White Pigeon was incorporated by European Americans in 1837. The United States Land Office, located in downtown White Pigeon, is the oldest surviving U.S. Land office in the state of Michigan. Following the cession of Native American lands in this area by leaders of regional tribes, the U.S. government sold more than 250,000 acres of land in Michigan for $1.25 an acre in the 1830s to settlers of Western Michigan.
The town was named after the local Potawatomi chief Wahbememe, which means White Pigeon. He was buried in the town, with a memorial stone marking his grave. This gravesite is now listed on the National Register of Historic Places.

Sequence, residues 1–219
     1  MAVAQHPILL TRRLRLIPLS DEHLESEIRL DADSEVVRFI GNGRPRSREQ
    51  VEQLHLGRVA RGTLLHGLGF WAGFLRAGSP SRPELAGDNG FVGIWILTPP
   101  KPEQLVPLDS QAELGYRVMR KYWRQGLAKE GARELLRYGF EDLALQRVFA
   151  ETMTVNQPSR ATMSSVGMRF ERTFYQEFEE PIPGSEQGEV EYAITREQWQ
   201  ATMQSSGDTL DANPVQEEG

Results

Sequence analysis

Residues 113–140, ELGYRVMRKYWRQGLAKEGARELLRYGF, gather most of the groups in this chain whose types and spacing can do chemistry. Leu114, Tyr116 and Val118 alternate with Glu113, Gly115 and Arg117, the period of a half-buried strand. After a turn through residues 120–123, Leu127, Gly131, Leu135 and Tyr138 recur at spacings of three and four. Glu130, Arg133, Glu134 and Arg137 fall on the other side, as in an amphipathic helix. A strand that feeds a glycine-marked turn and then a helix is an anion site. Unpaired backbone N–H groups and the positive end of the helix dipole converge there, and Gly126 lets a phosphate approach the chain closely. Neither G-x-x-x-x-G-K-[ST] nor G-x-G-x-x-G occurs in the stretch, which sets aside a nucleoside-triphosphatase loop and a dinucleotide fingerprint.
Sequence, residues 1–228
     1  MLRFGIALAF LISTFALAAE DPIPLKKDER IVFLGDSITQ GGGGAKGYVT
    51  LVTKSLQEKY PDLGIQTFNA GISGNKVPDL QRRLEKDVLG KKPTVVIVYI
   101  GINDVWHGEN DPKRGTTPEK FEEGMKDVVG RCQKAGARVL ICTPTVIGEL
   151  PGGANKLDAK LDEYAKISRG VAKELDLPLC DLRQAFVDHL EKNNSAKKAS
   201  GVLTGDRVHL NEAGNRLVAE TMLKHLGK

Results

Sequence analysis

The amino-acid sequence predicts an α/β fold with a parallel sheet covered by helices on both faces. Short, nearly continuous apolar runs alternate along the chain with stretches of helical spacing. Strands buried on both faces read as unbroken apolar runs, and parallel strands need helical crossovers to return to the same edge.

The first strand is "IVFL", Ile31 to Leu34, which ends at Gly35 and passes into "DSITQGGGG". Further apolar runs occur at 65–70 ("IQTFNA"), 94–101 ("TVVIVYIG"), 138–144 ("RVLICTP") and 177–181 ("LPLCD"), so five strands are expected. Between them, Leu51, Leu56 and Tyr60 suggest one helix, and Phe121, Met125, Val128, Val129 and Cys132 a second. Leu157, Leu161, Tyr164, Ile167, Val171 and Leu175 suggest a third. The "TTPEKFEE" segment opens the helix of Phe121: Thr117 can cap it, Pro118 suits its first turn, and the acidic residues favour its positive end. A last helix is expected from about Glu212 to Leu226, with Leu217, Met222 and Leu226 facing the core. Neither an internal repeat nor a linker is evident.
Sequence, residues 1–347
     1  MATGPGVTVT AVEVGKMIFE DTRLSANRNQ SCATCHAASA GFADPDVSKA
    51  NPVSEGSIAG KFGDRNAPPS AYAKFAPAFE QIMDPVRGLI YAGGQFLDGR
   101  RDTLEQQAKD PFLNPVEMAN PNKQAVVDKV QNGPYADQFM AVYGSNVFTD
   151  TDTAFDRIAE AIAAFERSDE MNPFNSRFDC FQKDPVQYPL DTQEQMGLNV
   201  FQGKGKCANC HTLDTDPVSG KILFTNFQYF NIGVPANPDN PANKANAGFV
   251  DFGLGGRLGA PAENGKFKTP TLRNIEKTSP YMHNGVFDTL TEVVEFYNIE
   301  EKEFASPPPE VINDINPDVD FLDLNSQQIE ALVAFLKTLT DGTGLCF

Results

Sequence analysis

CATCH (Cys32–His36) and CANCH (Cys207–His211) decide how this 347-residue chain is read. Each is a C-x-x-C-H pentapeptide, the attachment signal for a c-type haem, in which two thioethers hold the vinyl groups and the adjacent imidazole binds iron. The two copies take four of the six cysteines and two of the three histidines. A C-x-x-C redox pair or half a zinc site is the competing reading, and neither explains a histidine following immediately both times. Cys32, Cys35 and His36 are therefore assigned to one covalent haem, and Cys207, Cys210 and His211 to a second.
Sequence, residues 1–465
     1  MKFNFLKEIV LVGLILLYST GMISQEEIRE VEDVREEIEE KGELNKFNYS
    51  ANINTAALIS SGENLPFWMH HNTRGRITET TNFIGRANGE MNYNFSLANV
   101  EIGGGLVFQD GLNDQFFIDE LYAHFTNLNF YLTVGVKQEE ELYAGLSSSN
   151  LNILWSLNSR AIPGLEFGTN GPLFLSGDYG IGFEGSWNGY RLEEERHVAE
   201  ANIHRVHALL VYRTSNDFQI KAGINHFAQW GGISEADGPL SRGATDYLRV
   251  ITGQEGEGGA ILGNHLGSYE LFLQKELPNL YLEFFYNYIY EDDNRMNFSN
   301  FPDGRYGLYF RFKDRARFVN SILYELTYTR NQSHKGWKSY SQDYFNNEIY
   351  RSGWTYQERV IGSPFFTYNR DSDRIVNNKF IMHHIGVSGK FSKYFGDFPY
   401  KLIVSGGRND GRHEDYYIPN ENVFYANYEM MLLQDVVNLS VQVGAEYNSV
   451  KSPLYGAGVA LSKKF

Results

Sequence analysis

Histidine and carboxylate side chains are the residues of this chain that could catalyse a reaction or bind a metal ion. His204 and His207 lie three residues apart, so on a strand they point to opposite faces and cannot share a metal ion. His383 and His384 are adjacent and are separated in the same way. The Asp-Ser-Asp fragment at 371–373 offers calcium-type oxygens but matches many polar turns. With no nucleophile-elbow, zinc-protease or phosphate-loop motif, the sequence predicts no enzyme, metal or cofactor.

According to legend, while he was at the gathering of the chiefs in Detroit, Wahbememe heard plans to attack the settlement which is now White Pigeon. The chief was a friend to the white settlers and did not want to see harm come to them, so he set out on foot and ran almost 150 miles to the settlement to warn the people. After running that long distance and giving his warning, he collapsed and soon died from exhaustion.